Google hasn’t offered an honest defense of its Street View program in all the years that government officials have been investigating its systematic erosion of consumer privacy. The company claims that the information gathered from public Wi-Fi networks was collected by accident, but then analyzed that very data it had intercepted. It argues that any decision against its right to collect that information could further endanger the privacy of millions of people, but seems to think that its attempts to gather personal information should be protected by the same laws it hopes to undermine. Now Google wants to bring the Supreme Court into the mix.

Perhaps the company could use Street View to find the “don’t be evil” principles it once held.

Reactions from around the Web

Ars Technica notes how important a Supreme Court verdict on this issue would be:

Google wants the Supreme Court to reverse a decision concluding that the media giant could be held liable for hijacking data on unencrypted Wi-Fi routers via its Street View cars.

The legal flap should concern anybody who uses open Wi-Fi connections in public places like coffee houses and restaurants. That’s because Google claims it is not illegal to intercept data from Wi-Fi signals that are not password protected.

PCWorld adds further background on the case and notes that the FCC’s unwillingness to bring Google to bear could assist it if the Supreme Court decides to hear its argument:

Between 2007 and 2010, Google equipped its Street View cars with Wi-Fi antennas and software that collected data transmitted by Wi-Fi networks in nearby homes and businesses, which included both network identifying information and so-called payload data transmitted over unencrypted Wi-Fi networks. The company acknowledged in May 2010 that it had inadvertently collected some personal data from unencrypted networks and apologized for it.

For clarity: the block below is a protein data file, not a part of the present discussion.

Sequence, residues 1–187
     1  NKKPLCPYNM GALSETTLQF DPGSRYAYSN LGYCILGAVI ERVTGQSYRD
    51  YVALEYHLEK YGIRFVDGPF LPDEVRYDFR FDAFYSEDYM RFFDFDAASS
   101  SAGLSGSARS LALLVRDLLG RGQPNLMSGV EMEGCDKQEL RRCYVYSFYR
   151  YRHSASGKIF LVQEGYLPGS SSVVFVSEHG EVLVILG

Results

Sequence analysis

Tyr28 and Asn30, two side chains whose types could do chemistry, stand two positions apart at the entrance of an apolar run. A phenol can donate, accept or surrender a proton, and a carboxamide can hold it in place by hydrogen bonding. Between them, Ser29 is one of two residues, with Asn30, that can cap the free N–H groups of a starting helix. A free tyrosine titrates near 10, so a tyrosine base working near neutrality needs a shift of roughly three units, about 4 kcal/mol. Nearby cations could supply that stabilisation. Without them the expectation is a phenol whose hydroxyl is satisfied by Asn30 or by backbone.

Google in its appeal to the Supreme Court does not, however, accept that the collection of the data was illegal, pointing out that the U.S. Department of Justice, Federal Trade Commission and the Federal Communications Commission declined to take enforcement action after investigating Google, including for possible violations under the Wiretap Act.

Pando weighs in

Yasha Levine’s continued coverage of the scandal from December 2013:

And the most troubling part of the story: we would have never found out about any of this, if it hadn’t been for a few persistent German regulators, who hounded Google and forced it to disclose its internal Street View documentation. Without them, Google would still be spying on our internet traffic, and we’d be none the wiser.

Google’s Street View program showed the dangers of allowing seemingly benevolent technology companies to deploy powerful surveillance technology in public spaces with zero oversight. It also showed how little power the average person has against a giant company like Google, how little protection or recourse we have.